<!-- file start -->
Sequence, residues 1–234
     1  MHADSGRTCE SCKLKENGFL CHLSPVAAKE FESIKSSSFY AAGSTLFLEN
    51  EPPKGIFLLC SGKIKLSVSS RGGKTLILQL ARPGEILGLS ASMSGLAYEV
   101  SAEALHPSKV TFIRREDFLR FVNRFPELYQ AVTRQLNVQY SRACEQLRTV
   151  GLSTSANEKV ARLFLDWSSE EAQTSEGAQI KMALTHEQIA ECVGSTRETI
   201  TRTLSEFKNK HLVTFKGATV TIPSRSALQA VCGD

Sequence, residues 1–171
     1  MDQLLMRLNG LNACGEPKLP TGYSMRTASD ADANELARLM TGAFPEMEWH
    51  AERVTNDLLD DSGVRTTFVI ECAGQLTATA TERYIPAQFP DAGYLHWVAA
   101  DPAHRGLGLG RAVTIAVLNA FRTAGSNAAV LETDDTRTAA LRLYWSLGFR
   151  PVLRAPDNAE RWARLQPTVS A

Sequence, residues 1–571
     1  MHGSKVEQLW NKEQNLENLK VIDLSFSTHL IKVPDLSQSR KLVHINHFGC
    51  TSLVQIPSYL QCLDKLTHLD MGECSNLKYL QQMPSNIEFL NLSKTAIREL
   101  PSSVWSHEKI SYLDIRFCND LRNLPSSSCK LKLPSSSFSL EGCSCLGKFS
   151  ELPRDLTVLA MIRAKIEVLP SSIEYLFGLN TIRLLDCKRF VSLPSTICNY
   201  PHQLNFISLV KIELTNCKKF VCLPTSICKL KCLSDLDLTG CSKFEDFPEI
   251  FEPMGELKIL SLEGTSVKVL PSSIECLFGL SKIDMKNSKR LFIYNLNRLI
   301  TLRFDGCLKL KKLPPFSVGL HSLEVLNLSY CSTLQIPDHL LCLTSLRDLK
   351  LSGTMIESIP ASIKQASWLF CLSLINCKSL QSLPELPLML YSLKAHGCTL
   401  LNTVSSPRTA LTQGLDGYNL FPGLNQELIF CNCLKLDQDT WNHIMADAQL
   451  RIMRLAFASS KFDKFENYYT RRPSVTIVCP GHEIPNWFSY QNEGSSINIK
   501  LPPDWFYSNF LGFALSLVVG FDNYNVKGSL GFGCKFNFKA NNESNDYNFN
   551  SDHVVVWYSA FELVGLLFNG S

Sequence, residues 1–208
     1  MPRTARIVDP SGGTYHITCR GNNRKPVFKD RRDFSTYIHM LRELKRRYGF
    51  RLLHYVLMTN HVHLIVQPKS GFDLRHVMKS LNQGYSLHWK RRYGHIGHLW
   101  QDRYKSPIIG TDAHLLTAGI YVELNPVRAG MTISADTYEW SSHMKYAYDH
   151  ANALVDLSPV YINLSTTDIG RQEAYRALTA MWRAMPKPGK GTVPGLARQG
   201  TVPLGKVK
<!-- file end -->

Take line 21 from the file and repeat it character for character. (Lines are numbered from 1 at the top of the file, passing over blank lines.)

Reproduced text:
   401  LNTVSSPRTA LTQGLDGYNL FPGLNQELIF CNCLKLDQDT WNHIMADAQL